“This project plays with the metaphor of contact, creating it through electricity and through the human body.”
Egg & Sperm :: Hide & Seek
Egg & Sperm :: Hide & Seek is an adult hide-and-seek game that will be repeated throughout the night. Six members of the public per rotation are invited to wear glowing Sperm helmets and count while a large Egg rolls to a hiding location. When the Sperm find the Egg and lay hands on it, it lights. They usher the Egg back to the start point. This project plays with the metaphor of contact, creating it through electricity and through the human body. Many art + technology projects use technology as a way to bring people closer, and this project is no exception. It exaggerates technology’s role by putting it at the center of the human quest for love; and yet, when you meet someone and there’s electricity, you know it.
The Egg & Sperm project is inspired by the lack of romance in the tundra of Minnesota. Its attention to corporeality hopes to inspire participating individuals to unplanned acts of contact.
Janaki builds nomadic structures for public interactions. As a designer, she values intimacy and mobility. She unites technology with the traditional stagecraft of puppet theater. Projects evolve from her experience as a performer, a community artist, and a designer for parades and stage.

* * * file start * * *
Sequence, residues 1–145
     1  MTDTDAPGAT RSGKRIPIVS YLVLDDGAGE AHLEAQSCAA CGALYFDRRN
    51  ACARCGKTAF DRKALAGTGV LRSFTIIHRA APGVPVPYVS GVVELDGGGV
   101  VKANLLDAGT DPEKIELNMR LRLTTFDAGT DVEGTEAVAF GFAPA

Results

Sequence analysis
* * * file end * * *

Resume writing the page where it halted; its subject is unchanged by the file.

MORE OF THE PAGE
Her sense of space is informed by her training at the Lecoq School in France. She is careful with light because she developed her vision at Larry Reed’s groundbreaking company, Shadowlight Productions. Her desire to include the public has been fanned while working as a parade artist with Heart of the Beast Theatre. Her penchant for movement and tricksterishness comes from her restless roots as the arty daughter of Indian doctors. She studied at Yale University.
She’s received fellowships through Pillsbury House Theatre, Heart of the Beast Theatre, Northern Lights, MN, and Forecast Public Art. The international association UNIMA has awarded her a Citation of Excellence for her puppet work. She is a recipient of a 2011 Henson Foundation Seed Grant for new work.
Collaboration with Kristen Murray on circuitry; with Emily Stover on the Uterine Arch.